Westport couple ‘play house’ in Provence
Published 3:17 pm, Tuesday, January 9, 2018
Who among us hasn’t fantasized about turning a vacation into an extended living experience?
Going from tourist to local in Provence is what Mary-Lou Weisman and her husband, Larry, longed to do a decade ago with a plan to sink deeper roots in the celebrated French region. They decided to rent a house for a monthlong stay each year, from 2003 to 2006, complete with daily language lessons.
Mary-Lou shares the experience in her new book, “Playing House in Provence: How Two Americans Became a Little French” (iUniverse), which can serve as either a good armchair travel read or as a rallying cry for readers to go and do likewise. On one level, the book is a very detailed love letter to Provence country life, but the lessons learned by the couple — about themselves and extended travel — can be applied to any reader’s favorite places.
As we follow Mary-Lou’s and Larry’s adventures, the author writes about the couple’s lifelong evolution as travelers, from their backpacking youth to a desire for more comfort in their journeys away from home in Westport. Ironically, the easiest way to feel like you’re part of a place you’re visiting is to have no money, Weisman writes of her early trips to Europe: “Poverty is a reliable way to find your way into a culture without even trying. It ensures that you will have experiences denied to most tourists. Still with the accumulation of money, age and an increased desire for creature comforts, poverty has lost its charms. We no longer like to shower in public or sleep outdoors in a bag.”
The author believes sometimes the race to see as many of the designated historic and cultural sites can get in the way of deeply experiencing a foreign country.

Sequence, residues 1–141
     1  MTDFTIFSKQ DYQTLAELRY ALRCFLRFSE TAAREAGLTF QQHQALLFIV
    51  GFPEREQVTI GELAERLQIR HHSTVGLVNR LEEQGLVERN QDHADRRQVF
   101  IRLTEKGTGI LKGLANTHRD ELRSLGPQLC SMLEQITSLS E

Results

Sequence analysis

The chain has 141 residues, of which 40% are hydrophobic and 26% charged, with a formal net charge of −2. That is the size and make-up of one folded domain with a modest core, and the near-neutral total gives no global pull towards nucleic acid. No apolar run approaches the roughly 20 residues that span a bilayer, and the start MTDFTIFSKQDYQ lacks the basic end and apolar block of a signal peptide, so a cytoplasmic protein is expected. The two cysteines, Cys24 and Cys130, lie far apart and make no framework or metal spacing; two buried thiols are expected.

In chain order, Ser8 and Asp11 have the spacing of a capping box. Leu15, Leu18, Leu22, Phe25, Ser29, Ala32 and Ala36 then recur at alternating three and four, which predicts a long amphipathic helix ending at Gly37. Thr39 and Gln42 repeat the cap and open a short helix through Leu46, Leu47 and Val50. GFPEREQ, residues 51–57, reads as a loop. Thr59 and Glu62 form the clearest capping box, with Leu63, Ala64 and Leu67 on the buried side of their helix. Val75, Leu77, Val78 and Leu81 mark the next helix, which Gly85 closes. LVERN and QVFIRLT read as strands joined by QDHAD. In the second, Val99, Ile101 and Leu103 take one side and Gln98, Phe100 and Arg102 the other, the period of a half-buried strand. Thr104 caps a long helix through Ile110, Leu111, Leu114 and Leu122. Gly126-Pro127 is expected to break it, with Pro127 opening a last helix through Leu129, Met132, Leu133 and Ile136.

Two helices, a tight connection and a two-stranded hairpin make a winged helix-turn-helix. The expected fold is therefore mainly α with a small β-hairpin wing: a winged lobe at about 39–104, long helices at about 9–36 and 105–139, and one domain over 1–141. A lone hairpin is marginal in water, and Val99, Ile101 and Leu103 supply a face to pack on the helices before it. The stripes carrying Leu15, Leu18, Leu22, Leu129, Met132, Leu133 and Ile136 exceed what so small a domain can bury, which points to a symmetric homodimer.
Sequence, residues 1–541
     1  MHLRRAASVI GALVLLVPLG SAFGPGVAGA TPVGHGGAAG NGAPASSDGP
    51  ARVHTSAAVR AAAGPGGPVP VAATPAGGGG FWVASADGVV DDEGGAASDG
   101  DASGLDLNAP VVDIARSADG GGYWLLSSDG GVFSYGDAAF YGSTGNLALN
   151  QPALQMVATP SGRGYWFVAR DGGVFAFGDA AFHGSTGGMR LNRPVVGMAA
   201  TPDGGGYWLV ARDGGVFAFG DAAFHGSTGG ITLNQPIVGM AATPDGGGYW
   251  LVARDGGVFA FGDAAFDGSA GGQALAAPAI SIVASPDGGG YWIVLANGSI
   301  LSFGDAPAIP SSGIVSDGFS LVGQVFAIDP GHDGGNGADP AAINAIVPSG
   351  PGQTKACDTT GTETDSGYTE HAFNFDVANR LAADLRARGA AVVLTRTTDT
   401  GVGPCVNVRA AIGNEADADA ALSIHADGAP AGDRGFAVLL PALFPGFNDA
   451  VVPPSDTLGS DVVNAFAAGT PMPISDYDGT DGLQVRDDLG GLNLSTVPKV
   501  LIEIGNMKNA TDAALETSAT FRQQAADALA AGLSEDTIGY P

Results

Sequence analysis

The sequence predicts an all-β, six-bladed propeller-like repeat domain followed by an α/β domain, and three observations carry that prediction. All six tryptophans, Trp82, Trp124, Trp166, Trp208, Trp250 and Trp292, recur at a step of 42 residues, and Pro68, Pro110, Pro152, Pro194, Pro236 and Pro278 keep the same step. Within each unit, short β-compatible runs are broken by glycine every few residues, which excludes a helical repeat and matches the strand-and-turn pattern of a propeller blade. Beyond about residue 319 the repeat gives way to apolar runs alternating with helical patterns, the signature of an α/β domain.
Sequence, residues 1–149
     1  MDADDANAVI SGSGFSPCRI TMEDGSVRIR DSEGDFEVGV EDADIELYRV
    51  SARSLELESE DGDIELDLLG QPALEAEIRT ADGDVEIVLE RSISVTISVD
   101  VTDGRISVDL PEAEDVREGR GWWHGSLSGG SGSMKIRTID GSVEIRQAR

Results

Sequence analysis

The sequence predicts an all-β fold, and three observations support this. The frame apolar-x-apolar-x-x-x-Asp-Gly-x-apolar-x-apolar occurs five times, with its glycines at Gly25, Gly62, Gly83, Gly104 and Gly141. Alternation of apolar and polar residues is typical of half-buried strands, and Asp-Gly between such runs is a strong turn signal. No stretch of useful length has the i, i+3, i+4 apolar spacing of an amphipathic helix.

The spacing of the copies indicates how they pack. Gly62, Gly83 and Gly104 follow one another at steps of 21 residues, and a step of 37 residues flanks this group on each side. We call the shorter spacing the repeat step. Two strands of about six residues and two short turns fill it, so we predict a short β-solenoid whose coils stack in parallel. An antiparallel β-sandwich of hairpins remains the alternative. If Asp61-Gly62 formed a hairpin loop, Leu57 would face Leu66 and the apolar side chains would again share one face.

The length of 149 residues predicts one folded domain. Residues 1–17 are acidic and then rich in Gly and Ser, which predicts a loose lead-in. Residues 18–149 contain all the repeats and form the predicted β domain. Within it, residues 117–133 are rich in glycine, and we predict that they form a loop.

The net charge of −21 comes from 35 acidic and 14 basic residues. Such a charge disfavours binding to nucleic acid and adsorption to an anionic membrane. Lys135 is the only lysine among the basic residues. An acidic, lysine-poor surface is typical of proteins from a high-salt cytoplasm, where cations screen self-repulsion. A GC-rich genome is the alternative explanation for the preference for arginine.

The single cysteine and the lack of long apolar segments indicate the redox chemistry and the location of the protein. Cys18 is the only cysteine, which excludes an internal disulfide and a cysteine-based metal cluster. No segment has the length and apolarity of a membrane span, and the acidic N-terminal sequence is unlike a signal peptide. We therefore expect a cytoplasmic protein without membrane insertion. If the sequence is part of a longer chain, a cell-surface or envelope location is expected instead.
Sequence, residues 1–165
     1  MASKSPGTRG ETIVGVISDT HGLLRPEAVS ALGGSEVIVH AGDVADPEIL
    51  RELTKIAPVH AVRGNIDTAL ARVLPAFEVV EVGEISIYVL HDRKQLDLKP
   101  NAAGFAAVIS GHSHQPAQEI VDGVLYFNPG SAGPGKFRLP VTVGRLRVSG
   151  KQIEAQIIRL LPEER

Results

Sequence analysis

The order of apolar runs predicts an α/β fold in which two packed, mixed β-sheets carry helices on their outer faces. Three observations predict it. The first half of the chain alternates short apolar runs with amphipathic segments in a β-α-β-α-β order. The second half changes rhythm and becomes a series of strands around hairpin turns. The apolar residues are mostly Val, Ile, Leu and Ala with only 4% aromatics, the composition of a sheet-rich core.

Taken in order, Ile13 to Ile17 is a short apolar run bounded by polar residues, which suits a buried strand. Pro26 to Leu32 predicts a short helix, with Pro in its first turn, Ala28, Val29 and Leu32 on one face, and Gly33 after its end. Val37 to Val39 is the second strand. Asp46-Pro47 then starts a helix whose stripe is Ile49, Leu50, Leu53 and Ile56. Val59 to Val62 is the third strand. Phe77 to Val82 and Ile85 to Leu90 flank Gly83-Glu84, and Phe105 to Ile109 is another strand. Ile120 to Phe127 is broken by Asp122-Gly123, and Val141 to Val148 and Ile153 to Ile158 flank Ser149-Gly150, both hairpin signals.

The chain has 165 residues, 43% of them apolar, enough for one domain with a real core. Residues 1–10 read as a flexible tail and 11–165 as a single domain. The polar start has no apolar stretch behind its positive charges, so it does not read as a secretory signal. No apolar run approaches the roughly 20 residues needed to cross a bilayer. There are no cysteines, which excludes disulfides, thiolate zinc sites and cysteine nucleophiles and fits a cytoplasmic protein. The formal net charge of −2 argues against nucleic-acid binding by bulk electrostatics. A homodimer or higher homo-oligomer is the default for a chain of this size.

“Working as journalist in Moscow I got so much out of that experience, but I never saw Lenin’s tomb,” she says in a phone interview. “Of course, if you just wander aimlessly as a tourist that’s not a good thing either — you’ll have a very thin experience.”
The couple zeroed in on Provence for their deeper travel experience because of a shared love of the region and the fact they each had a few years of high school French under their belts. Studying the language was a crucial part of their plan to fit in with locals during their stays. The book finds humor in the idea of AARP-qualifying students studying French every day. “... I am now trying to learn a foreign language at the same time I am forgetting words in my native tongue ...,” Weisman writes.
The author does believe taking a course or attending a class during a trip is always a good idea, though. “You learn something and in the course of that, something unpredictable happens,” she says. “The fact that you are slightly vulnerable can also be good.”
Being in a new place long enough to experience day-to-day living can make you see the value and joy in mundane chores. Weisman writes of her unexpected happiness simply hanging laundry on a line behind their first Provence rental.
“Laundry was an ecstatic experience,” she says, with a chuckle. “But I think if I had been there six months I wouldn’t have been so ecstatic. ... It also reminded me of being a mother’s helper years earlier. It was wonderful nostalgia.”
Part of what is exciting about settling into a foreign country “is the newness of everything,” Weisman says. “You’re in that magical place of belonging and not belonging at the same time.”
A trip sometimes can take a traveler back to the unpredictable excitement of childhood. “Adults can get very organized and unhappy. But children at play are very happy people,” she says.
Weisman thinks travelers should try to forget about electronic devices that can keep them tethered to home. She believes the study that found looking at work email while on vacation can immediately undercut the physical and spiritual benefits of being away from routines. In a chapter near the end of the book, “Larry Takes a Mistress,” the author and her husband argue over his accessing his work email in Provence (the “mistress” is his BlackBerry).
Eventually, Larry is convinced to trade in his BlackBerry for an international cellphone with no texting capacity. He learns people will text at the drop of a hat, but are more respectful of interrupting a vacation with a phone call.
“... in time, the addiction loosens its grip,” Weisman writes. “Sometimes Larry will flip his cellphone open to give himself a quick hit of its dull yellow light, but essentially the crisis is over. The marriage is saved.”
The Weismans are planning their next travel adventure in Italy where they have applied to teach English for a month next year in exchange for room and board.
“We’re waiting to see if they approve our application,” Mary-Lou says, sounding full of wanderlust.
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